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Author: bootchk Two stars, 250 posts Add to my Favorite Fools Ignore this person (you won't see their posts anymore) Number: of 361  
Subject: a valuation exercise Date: 10/5/2000 2:48 PM
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Why did KEM sales jump this year? What is a good valuation for the stock? This post runs through some reported numbers to make sure they hang together.

From the KEM June 00 10-Q SEC quarterly report: "Net sales for the three months ended June 30, 2000, increased 102% to $329.1 million from $162.6 million for the three months ended June 30, 1999. The increase in net sales resulted from higher unit volume and increased selling prices in both tantalum and ceramic capacitors."
But how much was price increase and how much was unit increase? I wish they would say, so we needn't finagle as follows. Their gross margin was 48% (not the 31% I mistakenly posted earlier) (which is near the 50% goal of a rule maker). It is widely reported that capacitor prices are up 20-30%. If you subtract 25 from 48, you get 25, which is nearer the GM for KEM for June quarter 1999, which I will assume was an average, typical year (not down, not up in the cycle.)

Now for the June quarter, remove the extra revenue from price increases, with a goal of determing the growth in unit sales. To $169M cost of goods sold, add a third, representing the typical 25% GM. This yields $226M, which is 40% greater than year earlier revenue. This 40% unit sales growth roughly agrees with the 34% reported by the president in the annual report issued in Mar 00.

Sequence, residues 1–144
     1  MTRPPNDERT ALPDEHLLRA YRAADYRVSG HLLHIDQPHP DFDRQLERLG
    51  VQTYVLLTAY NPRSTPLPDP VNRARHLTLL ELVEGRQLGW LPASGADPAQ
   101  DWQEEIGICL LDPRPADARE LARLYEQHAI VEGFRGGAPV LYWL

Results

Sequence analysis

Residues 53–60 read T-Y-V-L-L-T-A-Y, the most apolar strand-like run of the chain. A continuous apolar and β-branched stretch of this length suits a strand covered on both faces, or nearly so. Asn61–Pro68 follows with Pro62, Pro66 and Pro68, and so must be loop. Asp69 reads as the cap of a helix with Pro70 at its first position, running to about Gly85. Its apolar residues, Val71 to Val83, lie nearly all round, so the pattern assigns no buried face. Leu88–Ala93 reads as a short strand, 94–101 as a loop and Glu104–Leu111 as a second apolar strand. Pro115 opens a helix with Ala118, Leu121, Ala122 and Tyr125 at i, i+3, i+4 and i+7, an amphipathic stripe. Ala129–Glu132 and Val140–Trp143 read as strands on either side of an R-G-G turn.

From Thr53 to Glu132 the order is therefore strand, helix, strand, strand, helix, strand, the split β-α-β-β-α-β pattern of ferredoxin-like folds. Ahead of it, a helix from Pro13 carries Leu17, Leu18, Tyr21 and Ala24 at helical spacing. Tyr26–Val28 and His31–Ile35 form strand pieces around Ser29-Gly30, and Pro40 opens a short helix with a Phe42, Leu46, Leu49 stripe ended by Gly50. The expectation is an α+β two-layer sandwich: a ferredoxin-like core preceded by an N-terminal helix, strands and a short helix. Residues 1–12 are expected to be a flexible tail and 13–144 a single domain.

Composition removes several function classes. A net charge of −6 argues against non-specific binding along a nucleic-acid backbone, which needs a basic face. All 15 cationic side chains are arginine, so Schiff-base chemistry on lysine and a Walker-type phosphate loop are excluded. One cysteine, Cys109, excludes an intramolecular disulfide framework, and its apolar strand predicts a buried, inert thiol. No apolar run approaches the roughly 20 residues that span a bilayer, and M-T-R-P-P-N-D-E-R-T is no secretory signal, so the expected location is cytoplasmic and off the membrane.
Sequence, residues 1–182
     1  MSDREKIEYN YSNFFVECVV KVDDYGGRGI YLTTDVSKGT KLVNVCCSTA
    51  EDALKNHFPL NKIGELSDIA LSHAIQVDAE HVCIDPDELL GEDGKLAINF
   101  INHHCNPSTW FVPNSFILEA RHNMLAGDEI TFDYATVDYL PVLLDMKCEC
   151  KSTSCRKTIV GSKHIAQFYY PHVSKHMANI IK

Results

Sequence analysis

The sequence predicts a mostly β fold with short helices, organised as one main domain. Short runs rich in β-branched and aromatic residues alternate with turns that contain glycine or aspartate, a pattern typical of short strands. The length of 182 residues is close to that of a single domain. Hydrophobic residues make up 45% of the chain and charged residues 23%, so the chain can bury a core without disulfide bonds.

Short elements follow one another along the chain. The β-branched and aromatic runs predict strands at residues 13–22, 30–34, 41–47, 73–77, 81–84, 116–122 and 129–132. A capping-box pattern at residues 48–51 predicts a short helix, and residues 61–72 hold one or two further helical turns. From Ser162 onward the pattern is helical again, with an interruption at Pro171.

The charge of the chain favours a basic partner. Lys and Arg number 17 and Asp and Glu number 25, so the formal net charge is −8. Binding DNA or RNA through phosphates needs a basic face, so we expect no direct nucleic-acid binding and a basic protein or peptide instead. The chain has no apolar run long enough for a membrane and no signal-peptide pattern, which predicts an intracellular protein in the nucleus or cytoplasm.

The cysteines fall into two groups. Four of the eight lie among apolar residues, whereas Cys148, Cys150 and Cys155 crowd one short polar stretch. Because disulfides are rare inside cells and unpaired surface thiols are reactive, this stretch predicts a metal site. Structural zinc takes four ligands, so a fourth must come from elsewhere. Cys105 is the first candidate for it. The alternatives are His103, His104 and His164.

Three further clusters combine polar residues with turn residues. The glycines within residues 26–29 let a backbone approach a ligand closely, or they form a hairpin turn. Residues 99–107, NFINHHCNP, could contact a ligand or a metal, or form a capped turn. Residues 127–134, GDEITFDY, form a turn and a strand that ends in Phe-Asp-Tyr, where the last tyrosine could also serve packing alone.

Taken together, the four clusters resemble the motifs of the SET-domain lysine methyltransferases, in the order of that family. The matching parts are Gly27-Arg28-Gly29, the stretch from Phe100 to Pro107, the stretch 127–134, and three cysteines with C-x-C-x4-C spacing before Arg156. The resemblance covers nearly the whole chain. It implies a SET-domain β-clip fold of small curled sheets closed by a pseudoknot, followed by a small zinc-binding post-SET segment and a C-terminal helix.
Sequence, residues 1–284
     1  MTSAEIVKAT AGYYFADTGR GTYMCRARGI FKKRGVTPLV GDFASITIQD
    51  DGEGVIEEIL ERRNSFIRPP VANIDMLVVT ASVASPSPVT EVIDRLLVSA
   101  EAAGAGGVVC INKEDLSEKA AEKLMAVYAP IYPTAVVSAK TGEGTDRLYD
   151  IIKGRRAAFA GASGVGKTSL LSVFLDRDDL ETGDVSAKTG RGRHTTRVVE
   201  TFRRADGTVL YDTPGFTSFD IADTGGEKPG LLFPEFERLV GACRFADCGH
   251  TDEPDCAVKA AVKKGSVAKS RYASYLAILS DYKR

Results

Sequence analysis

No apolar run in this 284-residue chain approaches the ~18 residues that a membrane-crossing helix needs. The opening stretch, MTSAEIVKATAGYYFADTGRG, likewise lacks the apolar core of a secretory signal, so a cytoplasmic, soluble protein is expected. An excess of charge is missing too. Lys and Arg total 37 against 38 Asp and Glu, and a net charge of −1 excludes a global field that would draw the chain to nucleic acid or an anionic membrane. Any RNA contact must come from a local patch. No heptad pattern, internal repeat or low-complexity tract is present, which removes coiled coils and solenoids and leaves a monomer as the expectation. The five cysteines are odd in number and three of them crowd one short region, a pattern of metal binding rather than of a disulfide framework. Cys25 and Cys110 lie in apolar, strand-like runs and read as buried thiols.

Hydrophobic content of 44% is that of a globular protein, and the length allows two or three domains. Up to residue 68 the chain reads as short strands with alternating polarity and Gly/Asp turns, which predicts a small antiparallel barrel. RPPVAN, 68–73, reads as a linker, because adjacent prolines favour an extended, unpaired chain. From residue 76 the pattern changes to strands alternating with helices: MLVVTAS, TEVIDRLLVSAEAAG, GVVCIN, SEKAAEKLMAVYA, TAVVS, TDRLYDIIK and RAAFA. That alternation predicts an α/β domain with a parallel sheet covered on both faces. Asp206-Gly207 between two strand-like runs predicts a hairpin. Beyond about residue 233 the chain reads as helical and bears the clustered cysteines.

In other words, KEM had an extraordinary first quarter because unit sales increased roughly 40% and prices increased roughly 25%.

My whole point in this exercise is that I think the growth in unit sales should be used as a conservative growth rate of KEM, not the growth in sales, since the recent price increases might not stick once industry factory capacity is adjusted. In fact, if too many factories are built, prices may fall 4-8% per year, as reported by the CFO Christiansen of AVX in a recent IBD article. And if there is another economic crisis, unit sales could also decrease.

But, assume that 1999 prices were average and unit sales will grow by 30-40% a year. Plug last years $76M earnings and growth of 30% into the Quicken implicit value calculator, which calculates the present value of the KEM future earnings. You get a value of $75 a share. Any prices increases are gravy, any short falls in unit sales growth we're toast.

Now I should check that they are building enough new factories to sustain that unit growth...

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